And we can be influential in bringing it in sooner. How we behave has an impact! If we are good to each other, patient, kind, tolerant, and understanding – even when we don’t understand – we can usher it in.

We can do it differently. We can look at the past and learn from it going forward. The fast of Tisha B’Av is a time to take notice. Not to suffer and move on. But rather, reverse what brought us down.

We are unlimited in our ability to embrace change.

So, we’ve got some pull here. That could be a small reason to smile. But is this a time for laughter? Perhaps we can make it so. We can chortle at adversity. Chuckle at challenges. And laugh at limitations! We are unlimited in our ability to embrace change.

With the first Bais HaMikdash, we were weak in our realization that we should trust the guidebook and follow it. So, we got lost. And it was destroyed. With the second Bais HaMikdash, we were weak in our realization that everyone has a piece of G-dliness. So, we just didn’t like them. They weren’t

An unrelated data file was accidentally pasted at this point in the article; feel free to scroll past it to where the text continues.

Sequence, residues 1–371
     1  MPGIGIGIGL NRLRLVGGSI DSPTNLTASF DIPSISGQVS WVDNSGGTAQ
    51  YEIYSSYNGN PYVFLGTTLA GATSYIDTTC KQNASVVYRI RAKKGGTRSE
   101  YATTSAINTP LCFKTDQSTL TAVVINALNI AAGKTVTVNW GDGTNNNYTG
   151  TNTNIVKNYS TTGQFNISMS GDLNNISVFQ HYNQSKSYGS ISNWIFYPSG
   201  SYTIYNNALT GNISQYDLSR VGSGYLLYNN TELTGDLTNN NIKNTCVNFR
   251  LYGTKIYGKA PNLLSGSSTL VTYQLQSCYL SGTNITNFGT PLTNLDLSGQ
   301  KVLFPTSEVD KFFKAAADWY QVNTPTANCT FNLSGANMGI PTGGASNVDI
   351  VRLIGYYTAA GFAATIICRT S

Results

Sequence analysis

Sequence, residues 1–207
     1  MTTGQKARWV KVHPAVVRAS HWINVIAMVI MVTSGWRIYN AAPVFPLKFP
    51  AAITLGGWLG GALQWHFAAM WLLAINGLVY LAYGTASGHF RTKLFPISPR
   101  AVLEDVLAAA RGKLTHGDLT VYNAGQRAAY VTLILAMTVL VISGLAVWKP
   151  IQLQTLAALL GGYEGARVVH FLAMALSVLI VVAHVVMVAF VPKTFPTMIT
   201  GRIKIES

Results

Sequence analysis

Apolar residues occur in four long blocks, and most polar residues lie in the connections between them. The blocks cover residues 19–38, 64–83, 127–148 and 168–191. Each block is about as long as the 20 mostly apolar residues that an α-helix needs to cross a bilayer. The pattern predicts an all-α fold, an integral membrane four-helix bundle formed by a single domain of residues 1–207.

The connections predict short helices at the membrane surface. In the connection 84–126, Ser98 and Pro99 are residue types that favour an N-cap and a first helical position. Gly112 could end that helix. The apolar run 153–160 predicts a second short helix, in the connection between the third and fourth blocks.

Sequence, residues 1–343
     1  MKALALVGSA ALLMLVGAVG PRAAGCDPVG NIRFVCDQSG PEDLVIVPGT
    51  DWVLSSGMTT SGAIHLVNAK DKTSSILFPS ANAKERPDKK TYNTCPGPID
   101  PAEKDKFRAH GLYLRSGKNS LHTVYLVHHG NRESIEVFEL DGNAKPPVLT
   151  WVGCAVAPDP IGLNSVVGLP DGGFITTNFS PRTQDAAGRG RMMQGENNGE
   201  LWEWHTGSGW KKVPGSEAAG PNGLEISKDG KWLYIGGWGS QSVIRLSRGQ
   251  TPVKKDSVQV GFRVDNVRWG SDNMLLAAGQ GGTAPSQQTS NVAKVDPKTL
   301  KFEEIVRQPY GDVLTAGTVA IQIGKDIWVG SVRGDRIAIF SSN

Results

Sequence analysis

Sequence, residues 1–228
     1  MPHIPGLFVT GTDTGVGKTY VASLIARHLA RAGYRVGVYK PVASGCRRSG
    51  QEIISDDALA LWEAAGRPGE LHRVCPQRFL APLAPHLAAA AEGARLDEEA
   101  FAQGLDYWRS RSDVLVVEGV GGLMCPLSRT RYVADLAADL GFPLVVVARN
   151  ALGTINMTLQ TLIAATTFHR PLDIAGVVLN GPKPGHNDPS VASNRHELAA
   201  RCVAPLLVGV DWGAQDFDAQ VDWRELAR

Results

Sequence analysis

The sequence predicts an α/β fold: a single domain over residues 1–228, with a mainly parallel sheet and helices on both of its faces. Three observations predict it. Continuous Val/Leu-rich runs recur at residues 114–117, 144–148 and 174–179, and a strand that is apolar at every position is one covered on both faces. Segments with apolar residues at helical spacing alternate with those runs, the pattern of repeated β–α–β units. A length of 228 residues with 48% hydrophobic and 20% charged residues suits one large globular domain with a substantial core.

our thing. And that was destroyed. So, what can we do to change it all? We need to work on what we fell short on years ago. We need to embrace the original and best how-to Guidebook ever written. And we need to love our fellow man. No special reason – just because. (And secretly, like I said, because he has a little piece of G-dliness in him!) And if that simple formula isn’t something to laugh about, I don’t know what is!

Rivki Rosenwald is a Licensed Marriage & Family Therapist working with both couples and individuals and is a certified relationship counselor. Rivki is a co-founder and creator of an effective Parent Management of Adolescent Years Program. She can be contacted at 917-705-2004 or at

The Jewish Home | AUGUST 4, 2022